The Swedish case illustrates the fact that a proportional system can be used to advance women's representation, but this could not have been accomplished without other favourable factors such as a rather woman-friendly welfare state, mobilisation of women in political organisations and groups as well as in the labour market and parties responsive to women's demands. The establishment of a Green party and the potential threat of a women's party have forced the established parties to increase their efforts to attract more women both as representatives and voters. (Bergqvist 1997)


There has never been a female Prime Minister in Sweden, though it was close in 1994. The increase in women cabinet members has been exceptional for the past twenty years. The first female minister, Karin Koch-Lindberg was nominated in 1947. She was a minister without portfolio of economy. From then until 1973, there had only been five female cabinet ministers. Olof Palme started a new trend in 1973 by nominating three women. Ever since, every new cabinet has included a larger share of women. A huge step was taken in 1994 when a social-democratic cabinet of eleven women and eleven men was formed. Today the number of women in the Swedish national government is 57,9%.

Despite the remarkable changes, the reality is that the first female ministers were often found in junior positions and in traditional women's sectors. The sped up inclusion of women recently has led to a situation where a woman has held almost all ministerial positions except Prime Minister. For example two of the five women in the 1976 Centre led government held prestigious posts as foreign affairs and housing and planning ministers. Nevertheless, there have been more women responsible for health, education, and social welfare than budget and economy. As can be seen in the actual government there is no longer a clear cut pattern in governmental composition; Anna Lindh is the minister for foreign affairs, for democratic issues and public administration there is Britta Lejon holding the post. The minister for Health and Social Affairs is held by a man, Lars Engqvist. The pattern in government stems from the important and efficient representation of women in the Swedish ! Parliament, as will be described later.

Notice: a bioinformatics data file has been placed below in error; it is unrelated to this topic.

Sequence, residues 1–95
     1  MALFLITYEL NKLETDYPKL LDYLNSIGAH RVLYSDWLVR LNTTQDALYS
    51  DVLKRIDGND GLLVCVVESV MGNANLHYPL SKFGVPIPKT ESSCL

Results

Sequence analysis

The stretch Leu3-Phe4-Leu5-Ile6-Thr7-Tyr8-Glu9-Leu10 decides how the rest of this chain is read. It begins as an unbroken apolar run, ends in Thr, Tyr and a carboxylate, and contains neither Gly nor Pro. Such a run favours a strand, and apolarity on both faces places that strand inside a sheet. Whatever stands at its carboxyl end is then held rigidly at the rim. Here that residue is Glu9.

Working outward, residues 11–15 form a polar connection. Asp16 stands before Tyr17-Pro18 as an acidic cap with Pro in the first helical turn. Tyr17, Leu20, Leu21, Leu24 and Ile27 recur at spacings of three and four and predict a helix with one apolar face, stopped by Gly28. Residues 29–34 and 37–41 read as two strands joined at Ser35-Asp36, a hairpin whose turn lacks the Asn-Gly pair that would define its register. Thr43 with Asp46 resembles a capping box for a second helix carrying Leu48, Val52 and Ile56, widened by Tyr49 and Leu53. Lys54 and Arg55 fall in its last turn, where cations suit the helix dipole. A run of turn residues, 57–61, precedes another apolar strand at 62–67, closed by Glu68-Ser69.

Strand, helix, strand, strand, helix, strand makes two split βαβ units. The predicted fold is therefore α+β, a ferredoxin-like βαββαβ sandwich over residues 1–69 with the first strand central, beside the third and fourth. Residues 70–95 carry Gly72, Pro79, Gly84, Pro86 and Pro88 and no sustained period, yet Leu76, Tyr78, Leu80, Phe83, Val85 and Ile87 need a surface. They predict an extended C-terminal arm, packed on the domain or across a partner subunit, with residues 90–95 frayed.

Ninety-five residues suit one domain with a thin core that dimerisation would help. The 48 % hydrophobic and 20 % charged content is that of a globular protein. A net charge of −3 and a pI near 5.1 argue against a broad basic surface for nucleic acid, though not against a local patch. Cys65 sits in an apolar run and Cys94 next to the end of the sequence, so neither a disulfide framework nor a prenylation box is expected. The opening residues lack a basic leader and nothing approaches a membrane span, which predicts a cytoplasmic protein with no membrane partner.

Parties differ in the number of women they nominate, where thy rank women on party lists, and the proportion of women they send to parliament. Parties are the real gatekeepers to elected office (Norris 1996).

In the early 1920s Sweden developed a modern political party system. Since this time the same 5 parties - Social Democrats, Left Party, Moderates, Liberals and Center - have dominated politics. In 1988 these parties were joined by the Green Party, which in turn paved the way for 2 new parties, the "Christian Democrats" and for a short period the "New Democracy". Seven parties are currently in the Parliament. General elections for members of Parliament, the county council and the municipal councils are held on the same day, the 3rd Sunday of September every 4th year. The next election will be in 2002. Women have had the right to vote in all elections since 1921. The electoral turnout is high, around 90 per cent. Women and men are equally assiduous voters. Since 1994 there has been a substantial increase in the proportion of women in the Parliament. At present 43 per cent of the 349 members are women (www.db.decision.de)

The women's movement and rising levels of women's political participation have increased the pressure on parties to send more women to parliament. Studies reveal that certain party characteristics actually influence party-level variations in women's representations. High levels of institutionalisation, a localized level of candidate nomination, and leftist and post materialistic values all individually enable parties to increase the representation of women. It appears that women's party activism, especially at the high levels, triggers the other factors, such as quota rules, that facilitate women's representation in parliament. Not only can women party activists pressure the party for women's representation in parliamentary office, activists can also institutionalize the gains made by pressing to implement rules that call for guaranteed proportions of female candidates. (Miki Caul, s.94)